Masking and Unmasking: A Unit for Grade 10
Ahead of his time?
by Irene Faiz
This media literacy unit on COVID-19 masks was designed for a Grade 10 Secondary English class. I plan to use many of these activities when I teach Visual Arts in upcoming quadmesters this school year.
These documents were built using Google tools. As such, they will ask you to open them as copies of Google Docs and Slides, which you can then use as-is or revise as needed. It is recommended that you ‘open in a new tab’ so that you can stay on the Masking and Unmasking page. Teachers needing other formats can convert them to their preferred formats. e.g., pdf, Word, etc.
Irene Faiz also guested on Mediacy, The Association for Media Literacy podcast, providing her observations on the art and politics of pandemic face masks. The podcast can be an additional educational experience for students and can be found here.
This ambitious and rich unit integrates reading, writing, art, presentation and media literacy. It describes nine sequential student activities, some with slides and some with scaffolding worksheets.
1. A pre-viewing activity helps students think about their attitudes towards face masks.
2. An infographic reading activity helps them think about visual codes and conventions.
3. A news reading activity helps students understand the inverted-pyramid news story structure.
4. A graphic reading activity helps students understand how to read graphics using media literacy concepts.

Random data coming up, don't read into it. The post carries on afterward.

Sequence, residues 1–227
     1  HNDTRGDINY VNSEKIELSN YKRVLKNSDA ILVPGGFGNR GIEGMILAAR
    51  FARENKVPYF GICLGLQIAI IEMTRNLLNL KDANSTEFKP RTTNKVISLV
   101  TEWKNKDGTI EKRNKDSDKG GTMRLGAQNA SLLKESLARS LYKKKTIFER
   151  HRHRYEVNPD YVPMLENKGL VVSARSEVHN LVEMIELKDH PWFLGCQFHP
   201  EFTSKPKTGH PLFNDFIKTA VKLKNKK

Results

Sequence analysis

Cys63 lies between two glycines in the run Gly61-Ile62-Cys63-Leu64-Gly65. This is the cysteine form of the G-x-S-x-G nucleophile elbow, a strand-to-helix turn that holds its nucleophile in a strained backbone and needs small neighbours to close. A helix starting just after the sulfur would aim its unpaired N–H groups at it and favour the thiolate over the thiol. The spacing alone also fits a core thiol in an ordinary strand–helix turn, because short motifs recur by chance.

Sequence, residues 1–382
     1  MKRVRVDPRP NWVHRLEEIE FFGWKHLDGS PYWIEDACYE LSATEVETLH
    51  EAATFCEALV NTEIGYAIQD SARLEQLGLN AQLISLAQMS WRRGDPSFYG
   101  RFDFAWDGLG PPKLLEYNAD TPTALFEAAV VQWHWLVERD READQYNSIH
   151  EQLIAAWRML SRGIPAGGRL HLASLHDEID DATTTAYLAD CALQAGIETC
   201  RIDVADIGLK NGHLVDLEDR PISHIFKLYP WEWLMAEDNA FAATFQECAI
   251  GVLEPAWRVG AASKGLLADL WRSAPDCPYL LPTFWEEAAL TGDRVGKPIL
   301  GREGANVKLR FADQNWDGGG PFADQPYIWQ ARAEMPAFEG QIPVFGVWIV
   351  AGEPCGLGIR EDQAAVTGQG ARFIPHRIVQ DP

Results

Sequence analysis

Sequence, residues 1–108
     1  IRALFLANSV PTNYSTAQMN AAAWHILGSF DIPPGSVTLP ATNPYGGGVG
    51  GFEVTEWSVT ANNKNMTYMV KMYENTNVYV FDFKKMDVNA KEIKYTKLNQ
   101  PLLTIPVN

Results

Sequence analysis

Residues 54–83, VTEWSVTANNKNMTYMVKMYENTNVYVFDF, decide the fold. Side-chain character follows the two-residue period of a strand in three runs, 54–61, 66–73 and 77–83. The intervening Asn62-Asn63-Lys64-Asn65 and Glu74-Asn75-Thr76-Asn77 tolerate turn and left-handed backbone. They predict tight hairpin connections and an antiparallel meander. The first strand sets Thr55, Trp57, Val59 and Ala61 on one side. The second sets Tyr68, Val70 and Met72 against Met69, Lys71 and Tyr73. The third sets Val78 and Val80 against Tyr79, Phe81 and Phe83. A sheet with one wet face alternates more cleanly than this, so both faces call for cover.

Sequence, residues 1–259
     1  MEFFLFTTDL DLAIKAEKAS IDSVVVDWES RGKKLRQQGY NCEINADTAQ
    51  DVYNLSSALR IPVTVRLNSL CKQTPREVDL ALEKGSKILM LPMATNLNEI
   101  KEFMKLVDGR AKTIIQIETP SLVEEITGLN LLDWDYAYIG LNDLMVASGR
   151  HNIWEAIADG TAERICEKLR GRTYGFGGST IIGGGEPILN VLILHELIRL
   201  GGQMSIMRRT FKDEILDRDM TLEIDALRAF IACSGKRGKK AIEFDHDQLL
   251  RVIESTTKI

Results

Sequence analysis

5. A compare-and-contrast activity further helps students understand visual codes and conventions.
6. A pre-production paragraph-writing activity prepares students to imagine their own mask designs.
7. A viewing activity helps students understand and apply media literacy key concepts.
8. A culminating art activity in which students apply their graphic language and media literacy learning to the creation of their own mask designs.
9. A culminating writing activity in which students reflect upon and explain their design choices.
Like most teachers during this worldwide pandemic, I started the course by reviewing the rules we need to follow for us all to be safe.
We hadn’t been together as a school community for about 6 months. All of us had been navigating life through a pandemic in different circumstances.
So, it was important to start with a “previewing” activity. This activity provides the students with a choice of three sentence-starters. They are being prompted to write three sentences on why they are wearing masks during this season of COVID-19. It was fascinating to see the responses the students wrote to these prompts. They were very honest and descriptive.
You can find the Pre-viewing Activity as a Google Doc here.
You can find the Pre-viewing Activity as a pdf here.
Then we began to practice our media literacy critical thinking skills. The posters and videos we had read and viewed on our first day of class became our material to critique. I provided the students with an online poster produced by the World Health Organization titled, How To Wear a Medical Mask Safely. The students were asked to read this poster with a different lens. They were asked questions about Text, Audience and Production. This activity gave me an opportunity to introduce the media literacy triangle to the class.
You can find the Infographic Reading activity sheet as a Google Doc here.
You can find the Infographic Reading activity sheet as a pdf here.
You can find the Media Literacy Triangle, with questions, here.